First a couple of caveats: Our main source for this post goes to The Heritage Foundation, a right-wing think-tank which I do not like. Also, the name of the author -- Hans A. von Spakovsky -- rings a bell with an unpleasant sound. As the day goes on, I'll probably recall just which piece of this man's previous ouvre ticked me off.
I can tell you this much: He refers to the "the Democrat Party." That's the sure sign of the propagandist. Hans: If you have the facts on your side, why resort to such silly tactics?
On the other hand, Hans is just the messenger; the citations in his article go to other, better sources. Let's look at the message.
Yes, it's a "2008" story -- a primary election fraud story. But it is not a story that enough people know.
We go back to the Indiana primary, which was a real
primary, not a caucus. (Most of the cheating in 2008 occurred in caucuses.) Obama's delegate lead was small and shrinking.
The allegations of electoral fraud first emerged in 2011 when a Yale University undergraduate student looked through the signatures of the petitions that were filed with Indiana election officials to get Barack Obama qualified for the Indiana Democratic primary ballot. Ryan Nees, a former Obama White House intern, pored through the “byzantine and complicated” petition signatures. Page after page of the voter names and signatures in St. Joseph County turned out to be complete forgeries.
Nees said the fraud was easy to detect “because page after page of signatures are all in the same handwriting.” A close inspection also revealed their similarity to signatures from a petition for a previous gubernatorial election. Even worse, some of the names appeared on the list several times.
Erich Speckin, a forensic document specialist, confirmed the forgeries, concluding that 19 of the ballot petition pages for Obama filed with election officials were illegitimate. Nees uncovered the fraud while working as an intern for Howey Politics Indiana, a nonpartisan political news website, and later published his findings through the South Bend Tribune.
In the wake of these revelations, the state chairman of the Indiana Republican Party wrote to the U.S. Attorney for the Northern District of Indiana, David Capp.[ 23] Mr. Capp was nominated to serve as the U.S. Attorney by President Obama in 2009. The letter requested that federal officials investigate the allegations of election fraud.
Although Mr. Capp refused to act, state officials ultimately charged four people with conspiracy and forgery. In an ironic twist, the state trial court had to appoint a special prosecutor, Stanley Levco, because St. Joseph County Prosecutor Michael Dvorak could not press charges since his signature was one of the ones forged, making him a victim of the crime. Dvorak was not the only Indiana official with that problem: Former Governor Joe Kernan’s name was forged on a petition as well.
The ringleader of the election fraud was Butch Morgan, chairman of the St. Joseph County Democratic Party. Morgan conspired with three other local officials to duplicate signatures from a previous petition for a Democratic gubernatorial candidate, Jim Schellinger. In Indiana, the authenticity of the ballot petitions must be reviewed by the Republican and Democratic members of the county Board of Voter Registration, with the signatures of the board members executed on the ballot petitions to evidence their review. In this case, Morgan and his coconspirators illegally used a rubber stamp of the signature of a Republican member of the St. Joseph County Board of Voter Registration, Linda Silcott, to forge her approval of the ballot petitions when she was out of the office due to the loss of her husband.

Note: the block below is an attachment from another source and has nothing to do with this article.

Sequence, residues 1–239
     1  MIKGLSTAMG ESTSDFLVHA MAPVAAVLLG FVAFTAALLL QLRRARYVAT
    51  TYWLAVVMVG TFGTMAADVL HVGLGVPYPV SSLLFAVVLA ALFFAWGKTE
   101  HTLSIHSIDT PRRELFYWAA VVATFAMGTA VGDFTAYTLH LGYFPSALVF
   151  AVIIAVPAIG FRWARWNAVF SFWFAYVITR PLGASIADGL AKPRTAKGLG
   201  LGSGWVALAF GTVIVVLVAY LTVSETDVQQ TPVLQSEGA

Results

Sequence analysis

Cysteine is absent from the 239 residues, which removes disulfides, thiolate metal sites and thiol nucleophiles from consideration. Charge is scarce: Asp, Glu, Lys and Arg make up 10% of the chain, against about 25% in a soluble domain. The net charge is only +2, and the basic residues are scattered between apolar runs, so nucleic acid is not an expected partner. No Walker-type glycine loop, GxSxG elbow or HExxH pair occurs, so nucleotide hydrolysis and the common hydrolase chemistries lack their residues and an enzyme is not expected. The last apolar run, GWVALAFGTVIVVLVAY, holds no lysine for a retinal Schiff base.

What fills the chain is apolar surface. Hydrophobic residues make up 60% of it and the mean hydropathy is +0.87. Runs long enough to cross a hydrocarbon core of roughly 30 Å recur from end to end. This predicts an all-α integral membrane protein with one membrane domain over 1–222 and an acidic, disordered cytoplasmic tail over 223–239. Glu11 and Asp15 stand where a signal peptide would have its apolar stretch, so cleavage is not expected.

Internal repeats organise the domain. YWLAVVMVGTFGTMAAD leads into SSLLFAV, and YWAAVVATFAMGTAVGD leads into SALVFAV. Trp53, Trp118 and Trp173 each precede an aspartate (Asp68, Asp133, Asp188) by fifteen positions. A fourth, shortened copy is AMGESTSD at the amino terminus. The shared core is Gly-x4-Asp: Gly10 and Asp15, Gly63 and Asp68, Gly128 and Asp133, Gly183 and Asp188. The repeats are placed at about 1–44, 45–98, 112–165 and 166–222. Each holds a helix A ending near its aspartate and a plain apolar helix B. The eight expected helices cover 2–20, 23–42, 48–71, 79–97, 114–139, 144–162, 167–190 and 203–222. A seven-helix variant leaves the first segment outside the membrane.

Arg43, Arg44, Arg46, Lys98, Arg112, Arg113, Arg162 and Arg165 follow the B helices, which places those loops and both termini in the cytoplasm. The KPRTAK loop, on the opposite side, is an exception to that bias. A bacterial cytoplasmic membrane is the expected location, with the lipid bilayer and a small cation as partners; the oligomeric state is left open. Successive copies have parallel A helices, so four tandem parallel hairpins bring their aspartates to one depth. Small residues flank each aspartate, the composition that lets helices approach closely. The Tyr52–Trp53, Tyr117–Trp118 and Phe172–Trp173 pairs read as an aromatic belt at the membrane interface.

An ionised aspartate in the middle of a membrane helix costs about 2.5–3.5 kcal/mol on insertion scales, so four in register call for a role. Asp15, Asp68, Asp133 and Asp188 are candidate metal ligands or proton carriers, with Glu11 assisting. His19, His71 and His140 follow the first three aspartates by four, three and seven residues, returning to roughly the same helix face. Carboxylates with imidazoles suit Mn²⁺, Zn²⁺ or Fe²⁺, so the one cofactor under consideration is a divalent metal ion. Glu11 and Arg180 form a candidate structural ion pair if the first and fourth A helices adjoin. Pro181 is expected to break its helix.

Former Board of Voter Registration worker and Democratic Party volunteer Lucas Burkett revealed the details of the fraud. Burkett confessed that “there were meetings at which several people explicitly agreed to forge these petitions” and that his job was to “forge petitions for candidate Barack Obama.” Furthermore, Board of Voter Registration worker Beverly Shelton “was assigned to forge petitions for candidate Hillary Clinton,” while former County Board of Voter Registration worker Dustin Blythe “was assigned to forge petitions for candidate John Edwards.” John Edwards dropped out of the race at the end of January 2008, and at that time, Burkett had a change of conscience and refused to participate further in the scheme. Consequently, Morgan instructed Blythe to forge signatures on the remaining Obama petitions.
In June 2013, the fraud trials concluded, and the group’s ringleader, Butch Morgan, was convicted of conspiracy to commit petition fraud and felony forgery. Morgan was sentenced to one year behind bars, the only defendant to receive prison time. Former St. Joseph County Board of Voter Registration worker and Democratic volunteer Dustin Blythe was also convicted of conspiracy to commit petition fraud and felony forgery, receiving one year of probation. Former St. Joseph County Board of Voter Registration Democratic board member Pam Brunette and board worker Beverly Shelton pleaded guilty and testified against Morgan. They received two years of probation.
Following the convictions, St. Joseph Superior Court Judge John Marnocha stated: “The defendants who were saying, ‘I was just following orders,’ or ‘I was just doing my duty,’ that’s no excuse. Through history a lot of evil has been done by those saying they were just following orders.”
In this case, the very people meant to be ensuring the fairness of the election were engaged in a scheme to subvert it.
If Obama had been stripped of his Indiana delegates -- as would have happened, had this scandal been uncovered in time -- he would not be president today.
And no,I don't think we should elide the allegation that there was also a scheme to forge petitions on behalf of Hillary.